Winders lie at the heart of a fixed anchor system.

Winders lie at the heart of a fixed anchor system. 

At the opposite end of the rope is a six-metre length of four-millimetre chain. Chain length has a big influence on the anchor’s holding power. The shorter lengths are less capable of absorbing the sudden lifts associated with swell and wind gusts. A shackle on the end of the chain which connects to the anchor completes the set up.

There are two types of anchor commonly used on kayaks. The first is the grapnel type, which is more suited to anchoring on reefs. This is because the wire prongs used in the anchor design bend, allowing it to pull away easier from foul ground. The second type uses a folding design that has wide pick-like blades which makes it particularly useful over sand. The larger one-and-a- half-kilo model is best-suited for the sand, while the lighter 700g model can still work over the sand but is small enough to be also used on the reef. To set up your anchor, attach the chain to the bottom of the anchor, then rig a breakaway system to the top. The breakaway system is designed to release the chain from the shank of the anchor when it becomes stuck on the seafloor. Once the breakaway lets go, the head of the anchor can be pulled away directly, making it easier to free. This can be accomplished by joining the shank of the anchor and the chain with six-kilo monofilament. Tie the mono so when it breaks it stays attached to the chain and can be disposed of properly, later.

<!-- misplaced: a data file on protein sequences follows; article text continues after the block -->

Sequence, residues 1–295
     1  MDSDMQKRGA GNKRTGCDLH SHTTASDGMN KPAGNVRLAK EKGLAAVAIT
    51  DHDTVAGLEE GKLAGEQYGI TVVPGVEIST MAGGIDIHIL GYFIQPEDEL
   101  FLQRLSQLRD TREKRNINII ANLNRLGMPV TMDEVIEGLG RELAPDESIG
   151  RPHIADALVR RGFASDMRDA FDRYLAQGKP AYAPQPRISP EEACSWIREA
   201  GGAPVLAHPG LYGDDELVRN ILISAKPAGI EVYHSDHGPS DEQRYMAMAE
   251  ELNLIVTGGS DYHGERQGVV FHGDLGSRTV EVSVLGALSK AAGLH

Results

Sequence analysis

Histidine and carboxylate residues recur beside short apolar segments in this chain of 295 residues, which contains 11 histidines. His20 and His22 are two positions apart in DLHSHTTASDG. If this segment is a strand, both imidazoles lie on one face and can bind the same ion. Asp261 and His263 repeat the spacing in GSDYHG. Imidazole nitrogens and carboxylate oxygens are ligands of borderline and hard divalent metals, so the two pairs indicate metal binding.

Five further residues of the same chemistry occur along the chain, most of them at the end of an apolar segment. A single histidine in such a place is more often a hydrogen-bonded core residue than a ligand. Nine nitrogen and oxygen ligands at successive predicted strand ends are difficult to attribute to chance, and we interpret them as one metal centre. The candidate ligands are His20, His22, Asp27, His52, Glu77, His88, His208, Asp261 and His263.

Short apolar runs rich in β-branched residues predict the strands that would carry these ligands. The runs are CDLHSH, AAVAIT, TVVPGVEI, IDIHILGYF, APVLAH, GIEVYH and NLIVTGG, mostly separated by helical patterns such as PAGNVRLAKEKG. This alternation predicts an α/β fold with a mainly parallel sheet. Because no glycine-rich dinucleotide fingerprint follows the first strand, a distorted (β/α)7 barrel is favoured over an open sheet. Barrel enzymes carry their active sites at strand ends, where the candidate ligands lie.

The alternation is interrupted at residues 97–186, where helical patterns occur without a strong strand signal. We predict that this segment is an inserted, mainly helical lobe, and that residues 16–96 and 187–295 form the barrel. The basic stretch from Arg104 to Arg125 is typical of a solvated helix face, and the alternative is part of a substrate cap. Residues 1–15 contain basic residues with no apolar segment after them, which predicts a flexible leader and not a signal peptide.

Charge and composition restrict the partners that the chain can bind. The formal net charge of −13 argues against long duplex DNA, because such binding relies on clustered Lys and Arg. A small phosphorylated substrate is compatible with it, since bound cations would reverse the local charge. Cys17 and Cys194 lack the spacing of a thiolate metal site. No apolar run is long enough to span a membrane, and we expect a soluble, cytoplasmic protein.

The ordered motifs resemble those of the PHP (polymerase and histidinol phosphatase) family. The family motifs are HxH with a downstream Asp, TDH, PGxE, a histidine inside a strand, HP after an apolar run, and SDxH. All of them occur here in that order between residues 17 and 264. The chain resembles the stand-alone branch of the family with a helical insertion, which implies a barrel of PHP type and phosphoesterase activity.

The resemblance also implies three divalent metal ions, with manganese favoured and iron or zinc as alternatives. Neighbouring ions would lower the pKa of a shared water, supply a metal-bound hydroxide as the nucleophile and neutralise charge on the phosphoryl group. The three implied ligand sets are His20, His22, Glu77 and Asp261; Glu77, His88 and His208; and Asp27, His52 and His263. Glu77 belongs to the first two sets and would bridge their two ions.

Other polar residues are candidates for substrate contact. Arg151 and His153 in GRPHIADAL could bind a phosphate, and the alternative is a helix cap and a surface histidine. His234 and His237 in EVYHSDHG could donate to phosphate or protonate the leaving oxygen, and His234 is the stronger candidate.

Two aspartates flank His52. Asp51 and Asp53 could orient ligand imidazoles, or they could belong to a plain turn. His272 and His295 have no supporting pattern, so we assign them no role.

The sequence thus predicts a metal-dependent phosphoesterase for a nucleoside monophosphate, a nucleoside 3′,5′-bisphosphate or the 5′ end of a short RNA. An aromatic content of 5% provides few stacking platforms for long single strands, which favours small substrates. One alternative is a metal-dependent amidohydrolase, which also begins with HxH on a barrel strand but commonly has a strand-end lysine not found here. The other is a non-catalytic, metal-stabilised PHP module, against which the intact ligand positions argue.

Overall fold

Folding anchors are suited to soft substrates like sand.

Folding anchors are suited to soft substrates like sand.

More and more marine farms are turning up around our coast and they have proven to be excellent places for finding fish. The marine industry requires correct anchoring within these farms and anchors that attach to the sea floor are prohibited. Purpose made hooks that attach to the top ropes on the farm (a requirement of the marine farm industry) are the best option here, allowing for safe attachment and release of the kayak. Other accessories like bungees for anchoring can offer a more comfortable ride as they absorb any jolts caused by wind and swell. Those with floats added work well with drogues and help keep everything on the surface.

Having the ability to anchor, is an essential part of fishing and diving from kayaks.

Having the ability to anchor, is an essential part of fishing and diving from kayaks.

With the kayak now able to be anchored safely, we will take a look at a few more important accessories in part three.

   This article is reproduced with permission of   
New Zealand Fishing News

April 2020 - Rob Fort
Re-publishing elsewhere is prohibited